Haskell is a purely functional programming language. Functional programming is programming using functions. Functions work in the same way that math functions, give something the same input, it'll always return the same output. Haskell's only purpose is to express algorithms in a clear and concise manner with a strong emphasis on safety and immutability. Haskell facilitates a more mathematical approach to programming by enabling advanced type systems and lazy evaluation.

Hello World in Haskell

main = putStrLn "Hello World!"

Scala is a programming language that combines functional programming with object-oriented programming, aiming to offer a very scalable language for the JVM. Scala ( as the name suggests ) is scalable in the sense that it is suitable for writing small scripts as well as building large systems.

Hello World in Scala

// Scala program to print Hello World!
object Geeks
// Main Method
def main(args: Array[String])
// prints Hello World
println("Hello World!")

Erlang was created for building distributed systems that are scalable and fault-tolerant. It emphasizes reliability and not being prone to faults, aiming to handle a large number of concurrent activities in an efficient manner.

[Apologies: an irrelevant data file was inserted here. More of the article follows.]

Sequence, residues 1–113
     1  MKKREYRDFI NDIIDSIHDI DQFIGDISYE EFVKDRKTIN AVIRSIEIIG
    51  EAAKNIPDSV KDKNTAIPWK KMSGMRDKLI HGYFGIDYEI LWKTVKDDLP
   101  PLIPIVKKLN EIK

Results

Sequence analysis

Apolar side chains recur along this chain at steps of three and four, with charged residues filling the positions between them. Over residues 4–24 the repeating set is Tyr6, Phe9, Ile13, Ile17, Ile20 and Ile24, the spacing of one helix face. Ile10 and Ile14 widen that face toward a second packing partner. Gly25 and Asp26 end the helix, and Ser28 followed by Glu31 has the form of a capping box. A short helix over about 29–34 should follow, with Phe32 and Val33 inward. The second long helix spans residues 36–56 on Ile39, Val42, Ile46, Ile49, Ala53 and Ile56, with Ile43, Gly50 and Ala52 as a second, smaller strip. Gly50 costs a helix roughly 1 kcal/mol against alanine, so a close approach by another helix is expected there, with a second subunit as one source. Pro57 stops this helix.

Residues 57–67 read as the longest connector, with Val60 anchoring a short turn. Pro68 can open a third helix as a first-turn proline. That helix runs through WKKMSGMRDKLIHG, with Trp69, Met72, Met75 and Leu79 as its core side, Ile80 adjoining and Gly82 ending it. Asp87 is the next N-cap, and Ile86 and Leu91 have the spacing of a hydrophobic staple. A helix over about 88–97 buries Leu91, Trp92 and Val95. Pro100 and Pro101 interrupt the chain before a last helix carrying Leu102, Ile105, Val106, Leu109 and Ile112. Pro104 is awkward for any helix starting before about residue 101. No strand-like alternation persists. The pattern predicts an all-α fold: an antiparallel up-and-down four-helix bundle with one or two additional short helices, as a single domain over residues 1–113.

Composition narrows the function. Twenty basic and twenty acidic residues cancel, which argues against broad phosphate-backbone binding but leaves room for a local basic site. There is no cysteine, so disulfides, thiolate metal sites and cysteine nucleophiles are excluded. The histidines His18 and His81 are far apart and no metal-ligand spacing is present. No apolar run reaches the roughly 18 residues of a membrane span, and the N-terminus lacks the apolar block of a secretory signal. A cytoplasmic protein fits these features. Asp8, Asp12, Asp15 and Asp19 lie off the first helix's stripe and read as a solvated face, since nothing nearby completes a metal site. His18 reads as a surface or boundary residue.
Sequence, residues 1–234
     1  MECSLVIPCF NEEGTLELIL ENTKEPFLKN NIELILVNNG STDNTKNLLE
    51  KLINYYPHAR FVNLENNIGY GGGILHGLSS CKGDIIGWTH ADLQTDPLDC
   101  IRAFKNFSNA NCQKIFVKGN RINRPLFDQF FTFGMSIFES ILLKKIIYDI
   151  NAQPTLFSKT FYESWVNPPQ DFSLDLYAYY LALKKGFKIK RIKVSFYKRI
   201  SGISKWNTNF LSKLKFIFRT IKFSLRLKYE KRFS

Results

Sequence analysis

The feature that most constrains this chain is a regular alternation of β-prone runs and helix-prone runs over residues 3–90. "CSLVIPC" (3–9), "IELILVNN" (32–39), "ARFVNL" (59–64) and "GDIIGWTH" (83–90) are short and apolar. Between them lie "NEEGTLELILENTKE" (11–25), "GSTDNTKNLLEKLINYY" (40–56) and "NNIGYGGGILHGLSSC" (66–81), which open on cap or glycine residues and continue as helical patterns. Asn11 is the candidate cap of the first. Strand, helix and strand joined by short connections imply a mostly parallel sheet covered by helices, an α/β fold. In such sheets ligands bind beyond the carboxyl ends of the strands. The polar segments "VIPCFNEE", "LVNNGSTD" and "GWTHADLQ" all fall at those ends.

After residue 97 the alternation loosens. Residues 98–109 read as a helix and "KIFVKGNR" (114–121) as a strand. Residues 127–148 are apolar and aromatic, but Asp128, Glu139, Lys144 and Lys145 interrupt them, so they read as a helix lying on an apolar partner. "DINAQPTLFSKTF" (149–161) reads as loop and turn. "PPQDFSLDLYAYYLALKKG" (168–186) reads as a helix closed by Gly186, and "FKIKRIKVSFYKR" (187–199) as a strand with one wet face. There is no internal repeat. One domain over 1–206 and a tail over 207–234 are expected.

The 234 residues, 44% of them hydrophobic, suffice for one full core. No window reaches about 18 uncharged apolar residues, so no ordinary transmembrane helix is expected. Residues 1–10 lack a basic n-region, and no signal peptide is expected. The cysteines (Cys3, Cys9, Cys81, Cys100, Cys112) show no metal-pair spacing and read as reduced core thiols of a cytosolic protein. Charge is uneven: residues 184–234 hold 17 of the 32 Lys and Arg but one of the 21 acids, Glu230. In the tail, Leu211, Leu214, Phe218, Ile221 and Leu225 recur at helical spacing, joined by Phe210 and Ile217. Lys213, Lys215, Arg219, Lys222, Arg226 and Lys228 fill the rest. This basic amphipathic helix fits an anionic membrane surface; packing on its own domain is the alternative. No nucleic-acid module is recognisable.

Hello World in Erlang

% hello.erl

hello_world() -> io:fwrite("hello world!\n").

Specialized languages for modern challenges: Swift, Go and Rust

Swift is specifically aimed at iOS and MacOS development. It puts an emphasis on safety, performance and software design patterns. It's easy to learn, offers modern programming features and offers a clean experience for developing apps for Apple's various platforms.

Hello World in Swift

// Swift "Hello, World!" Program

print("Hello, World!")

Go ( Golang ) is designed by Google and is specifically made to be a readable, efficient language for modern multicore networked machines. It's simple, targets performance, system programming, web applications and even large distributed systems.

Hello World in Go

// First Go program
package main

import "fmt";

// Main function
func main() {

fmt.Println("!... Hello World ...!")